- Top 100
April 4, 2012
Welcome to one of DJ Mag Canada’s many new columns. This particular column will be focussing on the wonder that is Ableton Live. Whether you are a first time Live user or a seasoned veteran, this series will go cover a variety of topics that you can learn from and integrate into your own Live setup. The way I am going to showcase many of the various techniques is by dissecting my own Ableton Live setup. I will run through various instruments, audio effects, MIDI effects and routing to give you an in-depth look at many of Live’s features.
Being able to interact with my DJ/production setup is very important to me and about a year ago I was feeling somewhat disconnected with my live performances. Pre-made drum loops, one-shots and MIDI clips got the job done, but I felt like I could be doing more while on stage. After a bit of online research and an evaluation of my own needs, I decided that building a drum step sequencer with real-time playability would serve me best. At this point I did not own Max for Live nor did I have any experience using it, so I decided to try to build it simply with Live’s built in features. This is what I came up with …
A fully selectable and switchable one-bar loop including:
- 16 kick steps
- 16 snare/clap steps
- 16 hi hat/ride steps
- 16 percussion/tom steps
Within the snare steps I have three selectable layers of sound to choose from (usually set as a snare, clap and click). For the hi-hat/ride steps I use a selector switch to change between the two sounds as well as a momentary toggle to switch to either the open hat or ride bell sound. I have constructed a similar setup for the percussion/tom steps, where a selector switch changes the two sounds and two momentary toggles switch between their variations (usually high, medium, low tom and various percussion sounds).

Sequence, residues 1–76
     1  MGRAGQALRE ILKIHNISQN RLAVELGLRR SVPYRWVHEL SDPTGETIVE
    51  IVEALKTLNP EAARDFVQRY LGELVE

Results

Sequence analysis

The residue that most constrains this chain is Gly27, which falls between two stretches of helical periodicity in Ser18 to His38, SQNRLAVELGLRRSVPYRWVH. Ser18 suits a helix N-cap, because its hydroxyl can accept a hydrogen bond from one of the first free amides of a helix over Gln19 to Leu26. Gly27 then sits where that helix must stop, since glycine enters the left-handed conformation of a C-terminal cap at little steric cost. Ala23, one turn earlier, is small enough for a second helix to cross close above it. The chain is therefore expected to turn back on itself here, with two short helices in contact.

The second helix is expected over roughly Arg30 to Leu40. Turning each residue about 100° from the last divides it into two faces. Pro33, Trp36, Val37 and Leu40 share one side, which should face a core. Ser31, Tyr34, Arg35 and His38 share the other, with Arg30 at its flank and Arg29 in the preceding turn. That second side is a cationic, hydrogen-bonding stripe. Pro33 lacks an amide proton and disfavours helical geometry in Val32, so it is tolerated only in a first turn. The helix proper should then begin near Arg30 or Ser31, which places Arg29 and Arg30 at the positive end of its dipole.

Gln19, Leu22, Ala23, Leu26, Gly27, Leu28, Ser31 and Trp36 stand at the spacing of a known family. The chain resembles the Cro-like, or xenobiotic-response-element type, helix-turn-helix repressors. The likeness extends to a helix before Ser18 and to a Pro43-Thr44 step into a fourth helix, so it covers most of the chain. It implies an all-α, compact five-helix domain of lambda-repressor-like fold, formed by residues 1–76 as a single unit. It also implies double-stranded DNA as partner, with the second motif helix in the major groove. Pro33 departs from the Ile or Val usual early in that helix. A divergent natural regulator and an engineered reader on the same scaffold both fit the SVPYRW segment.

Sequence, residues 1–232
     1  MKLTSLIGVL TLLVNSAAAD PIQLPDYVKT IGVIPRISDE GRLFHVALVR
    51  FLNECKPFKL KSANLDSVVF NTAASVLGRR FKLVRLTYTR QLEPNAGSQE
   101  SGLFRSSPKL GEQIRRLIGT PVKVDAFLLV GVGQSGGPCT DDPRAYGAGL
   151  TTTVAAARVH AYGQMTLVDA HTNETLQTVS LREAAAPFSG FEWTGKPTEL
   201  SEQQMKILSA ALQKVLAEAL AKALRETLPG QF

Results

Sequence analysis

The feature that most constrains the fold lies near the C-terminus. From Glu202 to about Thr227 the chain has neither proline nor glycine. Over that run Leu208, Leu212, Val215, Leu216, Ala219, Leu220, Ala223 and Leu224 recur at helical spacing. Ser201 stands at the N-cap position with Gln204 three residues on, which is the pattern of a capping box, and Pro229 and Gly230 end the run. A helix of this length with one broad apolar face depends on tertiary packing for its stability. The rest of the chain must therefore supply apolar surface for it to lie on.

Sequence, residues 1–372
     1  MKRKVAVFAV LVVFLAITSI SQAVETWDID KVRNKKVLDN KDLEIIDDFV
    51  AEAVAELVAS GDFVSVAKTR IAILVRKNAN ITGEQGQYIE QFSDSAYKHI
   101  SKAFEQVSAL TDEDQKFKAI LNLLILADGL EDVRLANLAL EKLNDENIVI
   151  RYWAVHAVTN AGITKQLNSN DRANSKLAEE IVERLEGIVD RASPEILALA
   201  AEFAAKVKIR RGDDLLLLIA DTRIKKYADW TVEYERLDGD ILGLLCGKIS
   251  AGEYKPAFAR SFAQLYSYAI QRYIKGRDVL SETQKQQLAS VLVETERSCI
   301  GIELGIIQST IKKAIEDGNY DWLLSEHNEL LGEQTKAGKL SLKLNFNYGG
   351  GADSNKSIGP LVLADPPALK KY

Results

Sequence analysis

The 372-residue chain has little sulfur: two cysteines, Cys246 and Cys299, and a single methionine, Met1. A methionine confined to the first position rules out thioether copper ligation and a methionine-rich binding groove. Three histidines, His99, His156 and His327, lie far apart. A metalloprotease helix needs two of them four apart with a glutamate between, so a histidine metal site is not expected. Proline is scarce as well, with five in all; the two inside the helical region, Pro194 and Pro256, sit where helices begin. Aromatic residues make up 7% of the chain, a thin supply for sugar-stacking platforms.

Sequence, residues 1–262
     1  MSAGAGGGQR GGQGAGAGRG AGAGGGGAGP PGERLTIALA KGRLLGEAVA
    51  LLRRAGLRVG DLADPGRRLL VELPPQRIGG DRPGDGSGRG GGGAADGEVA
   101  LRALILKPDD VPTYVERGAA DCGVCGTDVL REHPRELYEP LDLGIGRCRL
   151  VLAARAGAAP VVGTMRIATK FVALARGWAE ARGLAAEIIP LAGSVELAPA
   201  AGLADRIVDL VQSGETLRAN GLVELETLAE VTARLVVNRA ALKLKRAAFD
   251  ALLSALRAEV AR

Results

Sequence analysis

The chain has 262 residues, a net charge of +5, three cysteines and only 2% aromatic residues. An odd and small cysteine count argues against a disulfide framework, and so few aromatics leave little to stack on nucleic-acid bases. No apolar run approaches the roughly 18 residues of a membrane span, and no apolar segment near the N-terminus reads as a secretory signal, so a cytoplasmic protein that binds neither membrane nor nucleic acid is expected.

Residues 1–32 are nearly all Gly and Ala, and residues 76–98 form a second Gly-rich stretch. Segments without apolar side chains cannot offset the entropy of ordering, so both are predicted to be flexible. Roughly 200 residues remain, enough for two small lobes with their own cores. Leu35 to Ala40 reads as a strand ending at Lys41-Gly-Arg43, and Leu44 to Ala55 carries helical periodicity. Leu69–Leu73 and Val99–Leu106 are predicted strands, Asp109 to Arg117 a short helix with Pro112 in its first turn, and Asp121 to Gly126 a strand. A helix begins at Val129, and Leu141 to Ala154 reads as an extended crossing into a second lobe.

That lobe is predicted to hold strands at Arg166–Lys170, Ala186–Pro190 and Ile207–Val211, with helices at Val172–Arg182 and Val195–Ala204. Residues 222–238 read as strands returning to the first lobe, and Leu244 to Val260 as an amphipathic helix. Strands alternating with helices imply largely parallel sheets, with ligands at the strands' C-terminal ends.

All of these sounds reside in separate drum kits that are completely selectable and interchangeable. For example, if I am using all the sounds from Drum Kit one, but I decide that the kick is a little too boomy for the current song, I can select a new kick sound from another kick with a single button. The step sequencer loop will not be interrupted and will continue along the same kick steps that the old kick sound was playing
In addition to the steps and sound selectors I have also included three start point buttons that allow me to trigger the loop at three designated points- first step, third step, fifth step. When combined with the sound selection and toggles, this creates a completely unique playable electronic drum experience.
In the video below you can see a short example of the step sequencer in action. It’s a short drum jam that showcases the features that I described above. I’m using two Novation Launchpads in ‘User 1′ and ‘User 2′ modes to control all of the steps, switches and toggles. You’ll see me turning steps on and off in the main window of ‘User 1′ using the side buttons in ‘User 1′ to control switches and toggles and using the main window in ‘User 2′ to switch between drum kits. Enjoy!
I have also included a downloadable audio track of the step sequencer jam for you to listen to, use, chop, screw and maim to your own delight.
In the upcoming columns I will dive deeper into this monstrosity of a step sequencer and explore many of Live’s features. If you have any questions or anything in particular that you’d like to see, just comment and let me know!